Seneca, Wood County, Wisconsin

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Seneca, Wisconsin
Location of Seneca, Wood County, Wisconsin
Location of Seneca, Wood County, Wisconsin
Coordinates: 44°24′0″N 89°57′23″W / 44.40000°N 89.95639°W / 44.40000; -89.95639Coordinates: 44°24′0″N 89°57′23″W / 44.40000°N 89.95639°W / 44.40000; -89.95639
CountryUnited States
 • Total32.4 sq mi (84.0 km2)
 • Land32.2 sq mi (83.5 km2)
 • Water0.2 sq mi (0.5 km2)
Elevation[1]1,004 ft (306 m)
Population (2000)
 • Total1,202
 • Density37.3/sq mi (14.4/km2)
Time zoneUTC-6 (Central (CST))
 • Summer (DST)UTC-5 (CDT)
Area code(s)715 & 534
FIPS code55-72575[2]
GNIS feature ID1584124[1]
PLSS townshipmost of T22N R5E and part of T22N R4E

Seneca is a town in Wood County, Wisconsin, United States. The population was 1,202 at the 2000 census.


According to the United States Census Bureau, the town has a total area of 32.4 square miles (84.0 km²), of which, 32.2 square miles (83.5 km²) of it is land and 0.2 square miles (0.5 km²) of it (0.59%) is water.


The east end of Seneca, within three miles of the Wisconsin River, was in the "Indian strip," sold by the Menominee to the U.S. government in the 1836 Treaty of the Cedars. As such, it was logged and surveyed early.[3] In 1839 a crew working for the U.S. government surveyed what would become the east and south edges of Seneca, walking through the woods and crossing the river, measuring with chain and compass.[4][5] In 1851 a different crew surveyed the section lines of the eastern six mile square of what is now Seneca, producing this general description:

The East & South East portion of this Town consists of alternate ridges of pine barrens and Tamarack Swamps. There is a small portion of land near the river that is tolerably fair but the bottoms on the river are worthless(?) owing to their being overflowed nearly every year. The West & north parts of the Town consist of a portion of the great Cranberry Marsh which extends to & beyond Yellow river. The Marsh is wet & unfit for cultivation & has upon it small Islands (so called) of hard land with a few trees; Scattering Pines, Tamarack & Blk Oak are found nearly all over it so much so that we almost invariably found bearing trees for our corners. The Marsh may be valuable for the Cranberries which it produces abundantly but otherwise is entirely(?) worthless(?).[6]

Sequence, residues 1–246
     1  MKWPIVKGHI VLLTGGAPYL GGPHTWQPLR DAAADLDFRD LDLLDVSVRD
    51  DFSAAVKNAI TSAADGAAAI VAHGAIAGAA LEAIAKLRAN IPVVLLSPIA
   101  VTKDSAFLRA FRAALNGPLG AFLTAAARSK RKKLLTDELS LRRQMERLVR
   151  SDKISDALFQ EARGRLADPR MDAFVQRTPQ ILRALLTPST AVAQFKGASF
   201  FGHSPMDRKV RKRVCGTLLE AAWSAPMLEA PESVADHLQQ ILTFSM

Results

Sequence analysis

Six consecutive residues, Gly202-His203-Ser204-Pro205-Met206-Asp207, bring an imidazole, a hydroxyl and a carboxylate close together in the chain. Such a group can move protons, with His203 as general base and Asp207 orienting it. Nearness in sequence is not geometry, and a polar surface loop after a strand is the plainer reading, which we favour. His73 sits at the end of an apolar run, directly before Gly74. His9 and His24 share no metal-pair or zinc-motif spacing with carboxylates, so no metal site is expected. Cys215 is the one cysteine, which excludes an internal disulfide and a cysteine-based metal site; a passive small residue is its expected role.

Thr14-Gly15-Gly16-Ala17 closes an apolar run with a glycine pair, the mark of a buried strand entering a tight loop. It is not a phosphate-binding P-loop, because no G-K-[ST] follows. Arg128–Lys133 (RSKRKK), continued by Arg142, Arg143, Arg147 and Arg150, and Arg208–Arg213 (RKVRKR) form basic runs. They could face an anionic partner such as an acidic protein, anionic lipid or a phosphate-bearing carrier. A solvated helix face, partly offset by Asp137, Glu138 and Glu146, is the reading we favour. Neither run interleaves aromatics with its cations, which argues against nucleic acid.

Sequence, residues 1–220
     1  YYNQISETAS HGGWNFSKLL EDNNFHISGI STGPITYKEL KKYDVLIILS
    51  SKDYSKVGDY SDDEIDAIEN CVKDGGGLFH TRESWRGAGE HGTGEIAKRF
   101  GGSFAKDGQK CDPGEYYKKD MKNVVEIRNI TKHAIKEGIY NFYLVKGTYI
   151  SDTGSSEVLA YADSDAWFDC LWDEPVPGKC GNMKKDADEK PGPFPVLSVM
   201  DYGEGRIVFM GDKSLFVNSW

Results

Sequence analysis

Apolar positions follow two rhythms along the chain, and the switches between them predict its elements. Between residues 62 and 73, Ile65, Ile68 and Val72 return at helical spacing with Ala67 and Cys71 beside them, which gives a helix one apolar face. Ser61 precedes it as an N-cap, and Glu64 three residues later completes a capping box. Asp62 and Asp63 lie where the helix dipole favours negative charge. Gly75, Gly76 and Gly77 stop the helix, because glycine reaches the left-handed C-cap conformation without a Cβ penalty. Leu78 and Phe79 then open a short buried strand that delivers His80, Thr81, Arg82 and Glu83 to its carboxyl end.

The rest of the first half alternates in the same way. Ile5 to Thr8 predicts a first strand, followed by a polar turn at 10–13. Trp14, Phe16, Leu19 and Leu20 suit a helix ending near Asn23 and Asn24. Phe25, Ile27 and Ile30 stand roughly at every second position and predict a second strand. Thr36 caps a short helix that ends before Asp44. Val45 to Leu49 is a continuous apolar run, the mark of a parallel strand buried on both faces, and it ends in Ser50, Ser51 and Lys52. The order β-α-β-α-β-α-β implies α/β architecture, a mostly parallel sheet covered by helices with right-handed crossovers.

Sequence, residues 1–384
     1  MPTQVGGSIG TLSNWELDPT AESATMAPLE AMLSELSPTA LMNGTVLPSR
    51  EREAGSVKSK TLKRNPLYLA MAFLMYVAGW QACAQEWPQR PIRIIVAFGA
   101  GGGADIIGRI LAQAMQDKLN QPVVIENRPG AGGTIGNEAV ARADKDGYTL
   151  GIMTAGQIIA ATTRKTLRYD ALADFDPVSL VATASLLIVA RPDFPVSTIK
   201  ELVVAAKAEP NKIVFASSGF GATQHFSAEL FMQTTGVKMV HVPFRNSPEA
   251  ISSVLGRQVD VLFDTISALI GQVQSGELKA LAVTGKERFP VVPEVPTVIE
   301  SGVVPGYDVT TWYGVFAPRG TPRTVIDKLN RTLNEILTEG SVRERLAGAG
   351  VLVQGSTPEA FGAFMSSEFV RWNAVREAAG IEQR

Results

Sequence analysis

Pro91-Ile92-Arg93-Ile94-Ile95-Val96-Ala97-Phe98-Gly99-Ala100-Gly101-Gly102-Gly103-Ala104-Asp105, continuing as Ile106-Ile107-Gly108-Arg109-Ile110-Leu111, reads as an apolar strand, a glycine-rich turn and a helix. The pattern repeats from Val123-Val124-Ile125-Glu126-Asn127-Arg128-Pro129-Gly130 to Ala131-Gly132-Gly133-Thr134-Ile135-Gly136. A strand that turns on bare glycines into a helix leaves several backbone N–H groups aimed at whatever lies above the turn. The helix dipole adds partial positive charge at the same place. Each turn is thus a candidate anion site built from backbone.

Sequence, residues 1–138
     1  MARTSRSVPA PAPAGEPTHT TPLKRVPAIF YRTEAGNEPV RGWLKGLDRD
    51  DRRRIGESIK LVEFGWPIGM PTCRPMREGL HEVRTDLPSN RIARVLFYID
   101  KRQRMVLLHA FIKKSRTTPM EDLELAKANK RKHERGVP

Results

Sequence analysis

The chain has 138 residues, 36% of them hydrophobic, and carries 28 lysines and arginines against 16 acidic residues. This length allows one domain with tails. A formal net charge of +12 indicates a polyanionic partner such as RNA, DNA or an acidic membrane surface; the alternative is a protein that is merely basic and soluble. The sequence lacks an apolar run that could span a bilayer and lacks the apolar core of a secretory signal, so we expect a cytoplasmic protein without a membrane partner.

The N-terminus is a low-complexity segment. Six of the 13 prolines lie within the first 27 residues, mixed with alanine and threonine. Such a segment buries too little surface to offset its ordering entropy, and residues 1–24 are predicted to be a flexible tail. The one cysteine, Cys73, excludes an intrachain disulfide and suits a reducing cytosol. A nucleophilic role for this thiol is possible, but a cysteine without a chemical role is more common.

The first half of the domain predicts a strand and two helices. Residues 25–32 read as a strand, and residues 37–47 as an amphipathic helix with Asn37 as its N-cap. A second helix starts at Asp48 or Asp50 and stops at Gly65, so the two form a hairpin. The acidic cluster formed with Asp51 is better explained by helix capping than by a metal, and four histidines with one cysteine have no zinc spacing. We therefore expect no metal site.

Seneca township took its name from the now-extinct hamlet of Seneca, which was located within its borders.[7]


As of the census[2] of 2000, there were 1,202 people, 408 households, and 330 families residing in the town. The population density was 37.3 people per square mile (14.4/km²). There were 422 housing units at an average density of 13.1 per square mile (5.1/km²). The racial makeup of the town was 90.68% White, 5.99% Native American, 2.33% Asian, and 1.00% from two or more races. Hispanic or Latino of any race were 0.92% of the population.

There were 408 households out of which 38.0% had children under the age of 18 living with them, 71.1% were married couples living together, 6.4% had a female householder with no husband present, and 18.9% were non-families. 14.5% of all households were made up of individuals and 6.1% had someone living alone who was 65 years of age or older. The average household size was 2.94 and the average family size was 3.27.

In the town, the population was spread out with 28.8% under the age of 18, 7.0% from 18 to 24, 29.5% from 25 to 44, 23.5% from 45 to 64, and 11.1% who were 65 years of age or older. The median age was 37 years. For every 100 females, there were 104.1 males. For every 100 females age 18 and over, there were 101.9 males.

The median income for a household in the town was $54,118, and the median income for a family was $58,750. Males had a median income of $39,375 versus $26,974 for females. The per capita income for the town was $21,833. About 3.0% of families and 6.0% of the population were below the poverty line, including 5.4% of those under age 18 and 15.4% of those age 65 or over.


  1. ^ a b "US Board on Geographic Names". United States Geological Survey. 2007-10-25. Retrieved 2008-01-31.
  2. ^ a b "American FactFinder". United States Census Bureau. Retrieved 2008-01-31.
  3. ^ Rosholt, Malcolm (1979). "Pioneers of the Pinery" (PDF). Rosholt House. pp. 23–24. Retrieved 2013-05-25.
  4. ^ "Land Survey Information". Board of Commissioners of Public Lands. Retrieved 26 March 2011.
  5. ^ "Field Notes for T22N R5E". Original Field Notes and Plat Maps, 1833-1866. Board of Commissioners of Public Lands. Retrieved 28 June 2013.
  6. ^ Stansbury, Erskine. "Interior Field Notes (1851)". Board of Commissioners of Public Lands. Retrieved 2013-06-28.
  7. ^ Rudolph, Robert S. (1970). Wood County Place Names (PDF). The University of Wisconsin Press. p. 76.

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